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[This essay originally appeared in Consorting, newsletter of the Consortium of Vermont Composers.]
Many composers have areas of instrumental performance expertise. Alas, I have none. However, I frequently concern myself with matters regarding performances and commissions, so perhaps I can offer some helpful (or at least enthusiastic) thoughts here.
I always write music for specific performers and specific performances. I always have done this, and cannot imagine writing "in a vacuum", although I recognize that much valuable music is composed in this way. At high school and college, I composed for various choruses, chamber ensembles and even local orchestras. During graduate school years, the works were more course-oriented, and I temporarily lost touch with the performance-based composer I had been.
However, after graduate school, I once again resumed my writing for my performer-colleagues. From each live performance of my music, I learned a great deal from the performers about writing for their instruments. I also gathered an increasingly large list of names of performers interested in performing my music.
This happens to many composers when they work with performers.
Gradually the list of performers grew to the extent that I needed to keep files of the names and addresses. A few commissions came in, as did requests for the purchase of my scores. I pursued publication. I learned about ASCAP. This composing career was beginning to demand some business skills, I could see.
I have never had any business training, but I have always been an organized person. And this began to become helpful for me. I compiled a list of my (better) works. Eventually, I put this list into the format of a catalog, with titles, instrumentation, level of difficulty, duration and price for each work. No sooner did I complete the catalog than I received purchase orders, and was able to put the newly formed organization to work for me.
I should mention two things here: firstly, compiling the catalog necessitated going back through all of my existing (120!) works, sorting through which pieces should be filed away in a closet never to see the light of day, which were fine as is, and which needed revision. All in all, the process of sorting, revising, recopying and cataloging my music took nearly a year -- a painstaking year in which no new music was composed. But the time and effort were well worth it, for I emerged at the end of the year with the music in order, ready to be shown and sold, with a catalog as a guide.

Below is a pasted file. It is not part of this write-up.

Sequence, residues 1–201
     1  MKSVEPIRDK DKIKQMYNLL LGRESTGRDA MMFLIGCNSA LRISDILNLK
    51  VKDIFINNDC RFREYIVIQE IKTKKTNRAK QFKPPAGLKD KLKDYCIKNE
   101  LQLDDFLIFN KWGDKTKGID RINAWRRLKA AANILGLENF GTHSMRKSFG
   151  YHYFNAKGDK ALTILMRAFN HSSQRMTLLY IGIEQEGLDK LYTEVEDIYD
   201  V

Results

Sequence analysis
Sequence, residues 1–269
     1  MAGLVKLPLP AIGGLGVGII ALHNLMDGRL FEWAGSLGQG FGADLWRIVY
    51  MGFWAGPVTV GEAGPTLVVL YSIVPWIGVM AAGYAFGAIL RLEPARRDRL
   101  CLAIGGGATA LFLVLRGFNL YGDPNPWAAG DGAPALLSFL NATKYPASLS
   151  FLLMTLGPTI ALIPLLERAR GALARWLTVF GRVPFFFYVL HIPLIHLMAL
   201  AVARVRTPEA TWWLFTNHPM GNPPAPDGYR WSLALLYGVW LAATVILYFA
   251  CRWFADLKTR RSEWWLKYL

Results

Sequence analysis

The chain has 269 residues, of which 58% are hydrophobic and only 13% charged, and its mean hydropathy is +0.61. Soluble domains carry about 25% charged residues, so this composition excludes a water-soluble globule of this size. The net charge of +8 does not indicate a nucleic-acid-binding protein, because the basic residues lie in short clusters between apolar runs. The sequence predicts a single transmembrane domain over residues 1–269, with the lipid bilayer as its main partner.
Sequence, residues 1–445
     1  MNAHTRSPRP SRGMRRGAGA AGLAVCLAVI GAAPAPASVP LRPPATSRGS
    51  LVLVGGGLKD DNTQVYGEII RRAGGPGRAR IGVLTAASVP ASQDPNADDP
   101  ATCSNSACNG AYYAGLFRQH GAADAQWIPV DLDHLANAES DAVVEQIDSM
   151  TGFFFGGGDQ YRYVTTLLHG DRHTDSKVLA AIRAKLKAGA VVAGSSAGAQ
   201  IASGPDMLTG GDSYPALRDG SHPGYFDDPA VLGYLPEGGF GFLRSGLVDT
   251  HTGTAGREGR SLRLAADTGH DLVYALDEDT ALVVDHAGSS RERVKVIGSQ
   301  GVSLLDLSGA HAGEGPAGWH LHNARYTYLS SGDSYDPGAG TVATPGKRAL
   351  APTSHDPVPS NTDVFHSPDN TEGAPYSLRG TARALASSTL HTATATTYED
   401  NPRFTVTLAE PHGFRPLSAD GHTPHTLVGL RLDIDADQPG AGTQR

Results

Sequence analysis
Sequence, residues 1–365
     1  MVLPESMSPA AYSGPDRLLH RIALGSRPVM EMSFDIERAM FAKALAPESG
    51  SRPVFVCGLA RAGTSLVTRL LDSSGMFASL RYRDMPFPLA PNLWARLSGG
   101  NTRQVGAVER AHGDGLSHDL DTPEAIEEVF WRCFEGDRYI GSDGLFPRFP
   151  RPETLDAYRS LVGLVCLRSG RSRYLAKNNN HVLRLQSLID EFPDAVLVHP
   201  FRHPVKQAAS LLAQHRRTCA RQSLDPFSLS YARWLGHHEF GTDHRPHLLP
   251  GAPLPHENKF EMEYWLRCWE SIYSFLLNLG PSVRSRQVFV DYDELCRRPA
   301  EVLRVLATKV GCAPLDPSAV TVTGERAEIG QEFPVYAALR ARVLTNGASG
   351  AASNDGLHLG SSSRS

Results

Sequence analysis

Secondly, at some point in here, I took a very huge plunge -- I quit my teaching job at the Oberlin Conservatory. I wanted to compose full-time, and I thought I had better give this all of my efforts while I was still relatively young. So, at age 31, I left academic employment and, with some fear, set out to build a career upon my composing skills.
About performances: I believe that all composers can gain many performances of their music if the music is playable, communicative and well-written, and if the composer is organized enough to have the music available when requested. Meeting performers at their concerts is also important. I feel that a composer cannot live in his/her own world entirely. Music is a communicative and social language. It requires composers, performers and audiences. And all three need each other.
About commissions: these are available, too. Performers often commission new works, as do presenting organizations and almost any group imaginable. But a business sense is important here. The composer must know how to initiate a commission and charge the appropriate amount fair to both composer and commissioning organization. Also, the composer must have a reputation for completing work on time, and for creating quality work well-suited to the performers premiering the music.
I have repeatedly stressed the business skills. Yes, this is a business. And if one is unwilling to treat it as such, to learn about the business aspects of composing, and to work at taking care of these matters, one should earn one's living at some other job, and compose in one's free time.
But composing is all I want to do; I want to do it well. And I want my works to be good enough and popular enough to engender performances far and wide. So, in order to reach my goals, I have had to put in the time to compile my catalog. I regularly spend three hours a day (in the evenings) on the business aspects of my career; I compose every morning for four to six hours. As a result of the quality of works in my catalog, and the number of performances and commissions for these works, I was able to garner a publishing contract with a major publishing house. This situation has enhanced the performances and commissions. And the income from this business sustains me so that I can continue to devote all of my time to my composing (or related business activities).
There is no secret to this career evolution. And there is no secret to gaining performances and commissions. These all stem from the same source -- writing music that performers want to play and audiences enjoy hearing, and handling the music in an orderly and businesslike manner. There is a great call for new music everywhere, and a living can be made from composing this music. At the very least, even if making a living from composing is not a concern or a practicality, composers can experience the joy and excitement of hearing their music played often, and of receiving requests to create more music for performers who respect the music.